- Construction, planning, and design of on-road and off-road trail facilities for pedestrians, bicyclists, and other nonmotorized forms of transportation, including sidewalks, bicycle infrastructure, pedestrian and bicycle signals, traffic calming techniques, lighting and other safety-related infrastructure, and transportation projects to achieve compliance with the Americans with Disabilities Act of 1990.
- Construction, planning, and design of infrastructure-related projects and systems that will provide safe routes for non-drivers, including children, older adults, and individuals with disabilities to access daily needs.
- Conversion and use of abandoned railroad corridors for trails for pedestrians, bicyclists, or other nonmotorized transportation users.
- Construction of turnouts, overlooks, and viewing areas.
- Community improvement activities, including-
- inventory, control, or removal of outdoor advertising;
- historic preservation and rehabilitation of historic transportation facilities;
- vegetation management practices in transportation rights-of-way to improve roadway safety, prevent against invasive species, and provide erosion control; and
- archaeological activities relating to impacts from implementation of a transportation project eligible under title 23.
- Any environmental mitigation activity, including pollution prevention and pollution abatement activities and mitigation to-
- address stormwater management, control, and water pollution prevention or abatement related to highway construction or due to highway runoff, including activities described in sections 133(b)(11), 328(a), and 329 of title 23; or
- reduce vehicle-caused wildlife mortality or to restore and maintain connectivity among terrestrial or aquatic habitats.
- The recreational trails program
- The safe routes to school program, for projects within approximately two miles of a school for kindergarten through eighth grade.
- Infrastructure-related projects.-planning, design, and construction of infrastructure-related projects on any public road or any bicycle or pedestrian pathway or trail in the vicinity of schools that will substantially improve the ability of students to walk and bicycle to school, including sidewalk improvements, traffic calming and speed reduction improvements, pedestrian and bicycle crossing improvements, on-street bicycle facilities, off-street bicycle and pedestrian facilities, secure bicycle parking facilities, and traffic diversion improvements in the vicinity of schools.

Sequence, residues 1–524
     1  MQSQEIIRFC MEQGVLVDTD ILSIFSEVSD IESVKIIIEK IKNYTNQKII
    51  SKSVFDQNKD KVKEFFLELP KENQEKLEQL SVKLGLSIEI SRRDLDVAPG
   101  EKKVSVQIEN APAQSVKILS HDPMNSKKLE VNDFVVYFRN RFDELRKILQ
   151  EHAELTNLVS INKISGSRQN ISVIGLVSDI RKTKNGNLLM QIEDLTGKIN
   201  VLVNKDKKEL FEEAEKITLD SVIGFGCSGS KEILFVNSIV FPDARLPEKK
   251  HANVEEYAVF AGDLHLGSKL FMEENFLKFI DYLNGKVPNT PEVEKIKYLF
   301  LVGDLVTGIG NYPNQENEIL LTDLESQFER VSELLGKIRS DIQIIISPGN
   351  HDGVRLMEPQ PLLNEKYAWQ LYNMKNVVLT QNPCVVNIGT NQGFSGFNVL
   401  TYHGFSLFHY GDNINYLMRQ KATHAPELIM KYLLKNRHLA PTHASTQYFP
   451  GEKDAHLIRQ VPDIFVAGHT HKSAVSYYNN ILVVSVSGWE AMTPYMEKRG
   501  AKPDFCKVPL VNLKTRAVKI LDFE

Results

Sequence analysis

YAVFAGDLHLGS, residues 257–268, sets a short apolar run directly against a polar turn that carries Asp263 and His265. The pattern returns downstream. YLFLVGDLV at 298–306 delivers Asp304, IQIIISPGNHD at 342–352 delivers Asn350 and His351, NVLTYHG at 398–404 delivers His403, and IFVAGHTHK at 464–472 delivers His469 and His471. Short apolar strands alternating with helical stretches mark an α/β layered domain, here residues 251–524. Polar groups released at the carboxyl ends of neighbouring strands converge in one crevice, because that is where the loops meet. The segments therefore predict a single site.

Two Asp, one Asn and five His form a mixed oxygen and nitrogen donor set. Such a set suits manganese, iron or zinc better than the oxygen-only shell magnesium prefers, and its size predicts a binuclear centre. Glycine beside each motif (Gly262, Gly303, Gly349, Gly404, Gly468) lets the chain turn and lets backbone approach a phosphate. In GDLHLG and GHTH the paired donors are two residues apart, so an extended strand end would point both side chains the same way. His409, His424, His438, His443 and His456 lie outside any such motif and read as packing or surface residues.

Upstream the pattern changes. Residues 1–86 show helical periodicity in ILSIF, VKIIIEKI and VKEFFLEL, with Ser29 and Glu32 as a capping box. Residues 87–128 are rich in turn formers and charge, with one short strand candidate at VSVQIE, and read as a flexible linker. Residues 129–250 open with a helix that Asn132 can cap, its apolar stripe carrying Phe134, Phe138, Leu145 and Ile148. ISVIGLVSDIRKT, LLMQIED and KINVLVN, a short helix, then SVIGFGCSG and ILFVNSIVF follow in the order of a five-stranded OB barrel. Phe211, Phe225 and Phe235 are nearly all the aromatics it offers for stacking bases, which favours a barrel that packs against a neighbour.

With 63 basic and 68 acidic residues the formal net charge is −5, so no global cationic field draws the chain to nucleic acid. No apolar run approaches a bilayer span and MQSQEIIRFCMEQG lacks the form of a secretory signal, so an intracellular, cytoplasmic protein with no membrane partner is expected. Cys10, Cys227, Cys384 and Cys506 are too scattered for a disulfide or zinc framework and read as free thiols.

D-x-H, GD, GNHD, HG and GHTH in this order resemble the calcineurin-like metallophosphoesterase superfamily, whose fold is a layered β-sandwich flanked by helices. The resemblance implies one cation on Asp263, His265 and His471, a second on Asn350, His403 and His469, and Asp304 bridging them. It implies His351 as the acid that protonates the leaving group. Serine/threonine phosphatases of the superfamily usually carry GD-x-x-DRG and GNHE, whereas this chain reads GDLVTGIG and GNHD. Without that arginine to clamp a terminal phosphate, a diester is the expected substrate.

- Noninfrastructure-related activities to encourage walking and bicycling to school, including public awareness campaigns and outreach to press and community leaders, traffic education and enforcement in the vicinity of schools, student sessions on bicycle and pedestrian safety, health, and environment, and funding for training, volunteers, and managers of safe routes to school programs.
- Safe Routes to School coordinator.
- Planning, designing, or constructing boulevards and other roadways largely in the right-of-way of former Interstate System routes or other divided highways.
- Vulnerable road user safety assessment.
- Safety and educational activities for pedestrians and bicycles, except activities targeting children in Kindergarten through 8th grade.
- Acquisition of scenic easements and scenic or historic sites.
- Scenic or historic highway programs (including visitor and welcome centers).
- Historic preservation as an independent activity unrelated to historic transportation facilities.
- The operation of historic transportation facilities.
- Archaeological planning and research for proactive planning. This category now must be used only as mitigation for highway projects.
- Transportation museums.
For additional details visit
- US DOT program information https://www.fhwa.dot.gov/environment/transportation_alternatives/guidance/ta_guidance_2022.pdf
- Transportation Alternatives Data Exchange www.railstotrails.org/policy/trade